Depending on the immune populations of interest and the mechanism of the test article, you can select different models with appropriate immune cell properties. For instance, humanized NSG™ mice (huNSG, from The Jackson Laboratory) or humanized NOG® mice (huNOG, from Taconic) are common baseline transgenic strains for studying T cell response, given their dominating lymphoid lineages.

HuNSG-SGM3 and HuNOG-EXL are similar in their dominant lineages, but also present more abundant functional myeloid lineages.

More advanced models for immuno-oncology research are also now available. The Taconic hIL-6 NOG mouse displays higher macrophage and monocyte populations than the huNOG-EXL mouse, while hIL-15 NOG and hIL-2 NOG mice support NK cell reconstitution. These models are, however, relatively new and less characterized compared to the models above, so further validation and optimization before use may be required.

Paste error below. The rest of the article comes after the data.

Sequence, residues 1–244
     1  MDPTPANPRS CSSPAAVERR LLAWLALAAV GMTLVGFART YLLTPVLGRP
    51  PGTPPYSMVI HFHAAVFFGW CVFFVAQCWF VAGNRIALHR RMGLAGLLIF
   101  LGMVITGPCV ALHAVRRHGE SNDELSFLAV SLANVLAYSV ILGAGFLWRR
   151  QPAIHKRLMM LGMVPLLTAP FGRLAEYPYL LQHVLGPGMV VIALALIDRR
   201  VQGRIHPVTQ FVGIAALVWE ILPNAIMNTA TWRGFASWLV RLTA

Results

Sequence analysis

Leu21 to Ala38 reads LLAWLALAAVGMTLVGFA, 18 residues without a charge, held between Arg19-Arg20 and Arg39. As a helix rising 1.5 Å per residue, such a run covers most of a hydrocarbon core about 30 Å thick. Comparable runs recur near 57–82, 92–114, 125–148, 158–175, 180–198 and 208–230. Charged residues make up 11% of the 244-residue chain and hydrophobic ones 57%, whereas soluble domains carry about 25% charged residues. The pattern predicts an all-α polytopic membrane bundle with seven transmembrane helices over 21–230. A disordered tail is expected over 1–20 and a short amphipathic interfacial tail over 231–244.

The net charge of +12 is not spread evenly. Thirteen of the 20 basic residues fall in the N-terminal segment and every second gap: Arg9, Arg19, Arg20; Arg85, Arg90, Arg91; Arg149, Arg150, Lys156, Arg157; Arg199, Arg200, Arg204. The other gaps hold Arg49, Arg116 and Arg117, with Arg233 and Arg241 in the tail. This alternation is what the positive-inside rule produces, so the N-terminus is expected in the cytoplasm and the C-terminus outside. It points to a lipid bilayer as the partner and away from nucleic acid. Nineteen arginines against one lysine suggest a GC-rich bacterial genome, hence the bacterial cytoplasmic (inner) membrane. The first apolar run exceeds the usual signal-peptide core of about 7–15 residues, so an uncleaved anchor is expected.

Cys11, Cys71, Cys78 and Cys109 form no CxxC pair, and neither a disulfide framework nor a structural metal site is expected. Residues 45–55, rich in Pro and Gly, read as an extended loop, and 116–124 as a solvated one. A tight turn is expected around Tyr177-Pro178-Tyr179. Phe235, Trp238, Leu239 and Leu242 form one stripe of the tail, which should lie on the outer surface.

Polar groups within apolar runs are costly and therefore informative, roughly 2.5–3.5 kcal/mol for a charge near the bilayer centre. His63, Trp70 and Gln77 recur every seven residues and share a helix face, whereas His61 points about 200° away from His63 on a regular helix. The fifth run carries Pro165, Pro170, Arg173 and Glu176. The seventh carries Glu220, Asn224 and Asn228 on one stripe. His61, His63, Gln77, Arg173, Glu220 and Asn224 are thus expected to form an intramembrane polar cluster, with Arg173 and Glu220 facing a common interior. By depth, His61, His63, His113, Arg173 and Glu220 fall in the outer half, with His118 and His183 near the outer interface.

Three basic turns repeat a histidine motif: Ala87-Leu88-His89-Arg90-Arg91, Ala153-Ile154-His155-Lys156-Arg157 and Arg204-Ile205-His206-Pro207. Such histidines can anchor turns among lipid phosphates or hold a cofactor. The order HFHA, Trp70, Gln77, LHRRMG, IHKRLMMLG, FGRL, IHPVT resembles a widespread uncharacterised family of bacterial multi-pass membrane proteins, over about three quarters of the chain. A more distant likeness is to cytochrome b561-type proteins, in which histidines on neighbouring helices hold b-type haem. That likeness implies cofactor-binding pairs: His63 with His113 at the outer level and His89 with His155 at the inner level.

Selecting Models Based on Lymphoid and Myeloid Reconstitution

For huNSG and huNOG, the number of donors and animals needed per donor affects the lead time to obtain animals for study. Lead time can vary from two weeks (i.e. for three donors with 15 animals per donor), to months (i.e. more than five donors, 25 animals per donor). This timeline can also be prolonged if specific HLA types are needed.

B and T cell engraftment levels can be detected as early as six and 12 weeks post-engraftment and are typically checked around 15 to 17 weeks post-engraftment for huNSG and huNOG. Percentage population instead of absolute cell counts are typically assessed.

Percent hCD45 varies greatly, between 20-80%, and hCD3+ subpopulations vary between 10-50% for huNSG/huNOG. For huNSG-SGM3/huNOG-EXL, hCD33% ranges between 2 to 25% 15-17 weeks post-engraftment.